Department of Health and Social Behavior, Harvard School of Public Health, 677 Huntington Avenue, Boston, MA 02115, USA
Correspondence to: Professor Krieger (firstname.lastname@example.org) Accepted to publication 16 March 2001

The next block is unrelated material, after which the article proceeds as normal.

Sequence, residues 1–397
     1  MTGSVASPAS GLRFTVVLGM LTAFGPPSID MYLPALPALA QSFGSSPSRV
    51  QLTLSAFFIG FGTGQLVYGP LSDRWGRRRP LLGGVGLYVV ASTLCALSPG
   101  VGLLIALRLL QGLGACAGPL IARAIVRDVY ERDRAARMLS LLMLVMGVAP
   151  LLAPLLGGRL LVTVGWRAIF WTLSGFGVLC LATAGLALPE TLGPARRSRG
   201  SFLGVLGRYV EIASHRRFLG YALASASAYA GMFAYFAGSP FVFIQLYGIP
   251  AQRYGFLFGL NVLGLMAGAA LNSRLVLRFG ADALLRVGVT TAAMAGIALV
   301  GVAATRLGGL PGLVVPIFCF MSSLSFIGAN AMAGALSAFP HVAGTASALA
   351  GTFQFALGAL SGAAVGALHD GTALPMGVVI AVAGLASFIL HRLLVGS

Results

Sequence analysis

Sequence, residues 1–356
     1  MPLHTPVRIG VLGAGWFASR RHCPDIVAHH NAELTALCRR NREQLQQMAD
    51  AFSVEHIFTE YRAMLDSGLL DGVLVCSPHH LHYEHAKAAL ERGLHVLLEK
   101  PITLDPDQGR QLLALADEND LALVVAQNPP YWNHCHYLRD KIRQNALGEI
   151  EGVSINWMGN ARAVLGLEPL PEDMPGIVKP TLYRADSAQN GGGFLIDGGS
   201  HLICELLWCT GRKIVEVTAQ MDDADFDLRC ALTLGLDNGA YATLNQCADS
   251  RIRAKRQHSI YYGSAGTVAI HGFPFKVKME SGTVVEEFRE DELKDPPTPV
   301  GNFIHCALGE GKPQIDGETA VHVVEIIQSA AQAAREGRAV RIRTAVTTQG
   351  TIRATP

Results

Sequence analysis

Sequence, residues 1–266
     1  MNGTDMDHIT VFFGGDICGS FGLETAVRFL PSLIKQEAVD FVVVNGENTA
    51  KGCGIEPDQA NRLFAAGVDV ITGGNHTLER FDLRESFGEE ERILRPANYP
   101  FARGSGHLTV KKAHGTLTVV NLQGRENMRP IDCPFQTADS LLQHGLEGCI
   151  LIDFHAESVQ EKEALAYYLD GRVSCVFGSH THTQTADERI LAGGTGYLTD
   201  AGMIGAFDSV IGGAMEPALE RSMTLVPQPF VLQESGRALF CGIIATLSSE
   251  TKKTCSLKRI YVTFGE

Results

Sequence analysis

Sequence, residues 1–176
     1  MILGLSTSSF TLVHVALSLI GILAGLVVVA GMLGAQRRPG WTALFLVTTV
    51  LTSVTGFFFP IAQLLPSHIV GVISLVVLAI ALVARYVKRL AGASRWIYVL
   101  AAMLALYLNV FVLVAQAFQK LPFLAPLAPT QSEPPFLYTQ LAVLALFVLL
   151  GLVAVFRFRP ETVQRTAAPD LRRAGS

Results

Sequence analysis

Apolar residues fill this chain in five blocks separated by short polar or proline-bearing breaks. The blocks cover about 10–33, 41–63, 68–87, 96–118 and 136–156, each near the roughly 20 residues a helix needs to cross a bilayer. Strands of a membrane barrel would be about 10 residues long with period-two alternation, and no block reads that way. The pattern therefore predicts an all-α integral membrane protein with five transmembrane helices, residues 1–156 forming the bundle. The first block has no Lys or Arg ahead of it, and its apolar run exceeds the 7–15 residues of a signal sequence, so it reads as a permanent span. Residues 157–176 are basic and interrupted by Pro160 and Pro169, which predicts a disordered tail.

Discrimination Discrimination refers to “the process by which a member, or members, of a socially deﬁned group is, or are, treated diVerently (especially unfairly) because of his/her/their membership of that group”(page 169).9 This unfair treatment arises from “socially derived beliefs each [group] holds about the other” and “patterns of dominance and oppression, viewed as expressions of a struggle for power and privilege” (pages 125–6).10 People and institutions who discriminate adversely accordingly restrict, by judgement and action, the lives of those against whom they discriminate.6 At issue are practices of dominant groups—both institutionally and interpersonally—to maintain privileges they accrue through subordinating the groups they oppress (intentionally and also by maintaining the status quo) and the ideologies they use to justify these practices, with these ideologies revolving around notions of innate superiority and inferiority, diVerence, or deviance.6 Predominant types of adverse discrimination are based on race/ethnicity, gender, sexuality, disability, age, nationality, and religion, and, although not always recognised as such, social class. By contrast, positive discrimination (for example, aYrmative action) seeks to rectify inequities created by adverse discrimination. Social epidemiological analyses of health consequences of discrimination require conceptualising and operationalising diverse expressions of exposure, susceptibility, and resistance to discrimination, as listed below, recognising that individuals and social groups may be subjected simultaneously to multiple— and interacting—types of discrimination: (page 42)6